In this week's edition of "As Oxford Turns," Ole Miss takes more public hits as new information emerges from an NCAA investigation involving the football program under current head coach Hugh Freeze and former head coach Houston Nutt, the women's basketball program and the track and field program.
Lots of hits.
According to David Brandt of the Associated Press, a source close to the football program confirmed that the notice of allegations sent to the school by the NCAA last month includes 13 football-related violations of the 28 total violations—nine of which occurred under the Freeze regime.
That's quite a jump from ESPN.com's Chris Low's report prior to national signing day, which suggested that most of the allegations involved other sports, and the majority of the football-related allegations were from the Nutt era.
From a public relations standpoint, this is a killer.
The college football world piled on Ole Miss when the notice of allegations was first delivered, assuming that there had to be all kinds of nefarious activity going on to consistently lure top-tier talent to Ole Miss—which has never won the SEC West.
This new report will only give credence to that notion, because the potential presence of Level I violations—the most serious classification under NCAA rules—on top of an uptick in football-related allegations will give cynics enough ammunition to last for years.
Plus, you never want the NCAA turning over rocks, because it might turn over the wrong one and really open up the floodgates.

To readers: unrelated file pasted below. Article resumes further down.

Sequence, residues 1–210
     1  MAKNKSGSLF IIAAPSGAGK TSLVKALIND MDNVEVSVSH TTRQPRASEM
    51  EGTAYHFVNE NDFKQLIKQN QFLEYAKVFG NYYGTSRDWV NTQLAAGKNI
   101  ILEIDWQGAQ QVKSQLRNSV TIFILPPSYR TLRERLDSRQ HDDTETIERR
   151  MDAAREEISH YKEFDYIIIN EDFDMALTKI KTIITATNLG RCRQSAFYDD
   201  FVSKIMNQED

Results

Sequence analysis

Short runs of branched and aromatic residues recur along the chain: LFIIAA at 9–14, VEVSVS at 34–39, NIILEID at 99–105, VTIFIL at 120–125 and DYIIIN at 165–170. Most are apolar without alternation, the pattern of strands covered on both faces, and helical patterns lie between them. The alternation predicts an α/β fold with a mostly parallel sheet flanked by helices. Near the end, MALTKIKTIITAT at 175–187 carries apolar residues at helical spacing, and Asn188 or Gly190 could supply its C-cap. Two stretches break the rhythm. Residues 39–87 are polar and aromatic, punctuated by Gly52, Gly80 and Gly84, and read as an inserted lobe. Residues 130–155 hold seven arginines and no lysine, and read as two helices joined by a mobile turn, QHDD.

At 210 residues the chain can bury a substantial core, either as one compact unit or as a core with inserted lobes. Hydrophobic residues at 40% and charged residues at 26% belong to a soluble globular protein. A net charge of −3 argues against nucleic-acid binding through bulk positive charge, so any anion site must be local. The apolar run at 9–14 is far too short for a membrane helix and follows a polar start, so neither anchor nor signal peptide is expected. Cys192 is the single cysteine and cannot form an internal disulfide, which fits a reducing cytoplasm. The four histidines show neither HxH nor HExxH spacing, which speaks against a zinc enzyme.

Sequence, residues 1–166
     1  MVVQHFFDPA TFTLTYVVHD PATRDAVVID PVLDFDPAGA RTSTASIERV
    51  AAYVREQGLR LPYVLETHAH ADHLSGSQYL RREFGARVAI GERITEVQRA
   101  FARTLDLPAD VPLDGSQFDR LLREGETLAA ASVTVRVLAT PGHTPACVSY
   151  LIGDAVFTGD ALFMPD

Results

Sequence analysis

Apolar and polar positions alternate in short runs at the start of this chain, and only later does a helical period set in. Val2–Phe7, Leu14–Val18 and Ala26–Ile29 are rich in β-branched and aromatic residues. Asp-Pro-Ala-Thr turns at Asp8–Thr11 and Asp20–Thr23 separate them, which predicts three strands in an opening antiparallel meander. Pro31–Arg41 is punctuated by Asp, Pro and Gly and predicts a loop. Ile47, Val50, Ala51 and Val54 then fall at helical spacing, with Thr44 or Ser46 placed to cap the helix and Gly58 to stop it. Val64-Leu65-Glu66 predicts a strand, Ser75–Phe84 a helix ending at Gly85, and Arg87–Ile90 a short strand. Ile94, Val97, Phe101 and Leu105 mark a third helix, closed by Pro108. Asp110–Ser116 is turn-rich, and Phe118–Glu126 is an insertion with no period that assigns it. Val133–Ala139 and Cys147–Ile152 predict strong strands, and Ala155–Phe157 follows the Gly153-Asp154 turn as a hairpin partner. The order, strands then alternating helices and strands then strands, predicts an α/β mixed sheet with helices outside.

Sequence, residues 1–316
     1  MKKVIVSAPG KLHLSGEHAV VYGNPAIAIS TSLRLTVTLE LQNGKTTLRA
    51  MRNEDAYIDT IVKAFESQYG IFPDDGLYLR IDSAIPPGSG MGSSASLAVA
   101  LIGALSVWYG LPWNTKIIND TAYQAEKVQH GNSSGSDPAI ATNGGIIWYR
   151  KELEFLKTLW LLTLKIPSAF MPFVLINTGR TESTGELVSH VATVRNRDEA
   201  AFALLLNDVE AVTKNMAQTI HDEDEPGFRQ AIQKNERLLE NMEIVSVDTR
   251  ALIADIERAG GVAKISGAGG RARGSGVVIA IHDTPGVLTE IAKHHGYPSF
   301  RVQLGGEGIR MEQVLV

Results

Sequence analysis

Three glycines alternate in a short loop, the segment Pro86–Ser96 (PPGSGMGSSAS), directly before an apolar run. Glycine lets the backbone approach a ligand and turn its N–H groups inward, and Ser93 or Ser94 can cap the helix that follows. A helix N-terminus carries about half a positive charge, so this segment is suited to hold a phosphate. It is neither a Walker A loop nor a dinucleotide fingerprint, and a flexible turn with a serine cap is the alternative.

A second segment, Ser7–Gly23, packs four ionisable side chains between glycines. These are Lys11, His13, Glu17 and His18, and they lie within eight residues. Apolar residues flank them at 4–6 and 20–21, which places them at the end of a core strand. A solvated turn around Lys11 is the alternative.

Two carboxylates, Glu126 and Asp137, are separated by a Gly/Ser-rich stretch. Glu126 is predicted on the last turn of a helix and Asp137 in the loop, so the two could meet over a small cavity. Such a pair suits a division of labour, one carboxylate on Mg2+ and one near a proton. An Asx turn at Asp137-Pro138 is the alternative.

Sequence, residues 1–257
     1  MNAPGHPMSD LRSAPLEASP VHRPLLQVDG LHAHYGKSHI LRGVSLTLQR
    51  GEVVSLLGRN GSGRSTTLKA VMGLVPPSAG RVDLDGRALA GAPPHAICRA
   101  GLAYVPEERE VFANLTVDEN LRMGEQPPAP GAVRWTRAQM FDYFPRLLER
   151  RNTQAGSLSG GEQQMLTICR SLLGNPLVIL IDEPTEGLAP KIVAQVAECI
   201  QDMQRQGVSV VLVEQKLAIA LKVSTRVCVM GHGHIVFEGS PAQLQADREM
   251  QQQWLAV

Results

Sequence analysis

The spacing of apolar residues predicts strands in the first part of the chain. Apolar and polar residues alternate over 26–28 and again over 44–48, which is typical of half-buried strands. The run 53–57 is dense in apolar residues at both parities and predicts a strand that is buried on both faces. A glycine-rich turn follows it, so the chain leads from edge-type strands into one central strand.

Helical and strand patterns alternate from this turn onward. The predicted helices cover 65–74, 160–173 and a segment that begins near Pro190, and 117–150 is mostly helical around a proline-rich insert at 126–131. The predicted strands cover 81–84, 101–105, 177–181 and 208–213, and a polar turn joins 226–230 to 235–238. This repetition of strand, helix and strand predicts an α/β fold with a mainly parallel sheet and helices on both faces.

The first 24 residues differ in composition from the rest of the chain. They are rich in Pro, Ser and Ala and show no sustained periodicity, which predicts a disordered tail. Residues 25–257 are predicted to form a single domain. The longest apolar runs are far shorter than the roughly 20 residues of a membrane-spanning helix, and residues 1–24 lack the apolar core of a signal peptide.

As Dan Wolken of USA Today noted, the reluctance to release some of the serious charges is concerning:
If allegations were truly how their people characterized them to friendly reporters, my guess is Ole Miss would have released them already.— Dan Wolken (@DanWolken) February 10, 2016
If you're waiting for the hammer to fall on Freeze and the Rebels, though, you might want to stock up on food and drinks and consider packing chargers for your electronic devices.
You're going to be waiting for some time.
As noted by ESPN.com, four of the football-related allegations that involve the current staff were already self-reported and include a "bump rule" violation, improper lodging of a family member (which is now legal), improper transportation and an improper video made outside the locker room. Four others are from the Nutt era.
With those eight violations out of the equation, there are five football-related violations left that involve the current staff, and ESPN notes they are related to Laremy Tunsil.
Tunsil was suspended for seven games to start the 2015 season, which means the program knew about what was going on. The program took severe action, and then Tunsil was reinstated by the NCAA.
What do you think of the Ole Miss allegations?
"Nothing has changed from our last statement on Jan. 30," Ole Miss athletic director Ross Bjork told ESPN.com on national signing day. "We are still working through the process."
Don't get caught in the trap of assuming NCAA cases are always the school vs. the NCAA. Most of the time, it's the school with the NCAA.
This situation appears to be the latter.
The ongoing NCAA investigation didn't prevent Freeze from reeling in a top-tier class in 2016 that includes 5-star quarterback Shea Patterson; 5-star offensive tackle Greg Little; 5-star defensive tackle Benito Jones; stud wide receivers DeKaylin Metcalf, A.J. Brown and Tre Nixon; safety Deontay Anderson; and more.
Could there be a few scholarships lost? Of course, especially if there is something that Ole Miss and the NCAA didn't discover during the process.
But Ole Miss is still loaded with talented players, Freeze has improved his win total every year, and there doesn't appear to be much in the notice of allegations once you break it down to suggest impending doom.
Ole Miss is here, and it isn't going anywhere.
Barrett Sallee is the lead SEC college football writer and national college football video analyst for Bleacher Report as well as a host on Bleacher Report Radio on SiriusXM 83. Follow Barrett on Twitter @BarrettSallee.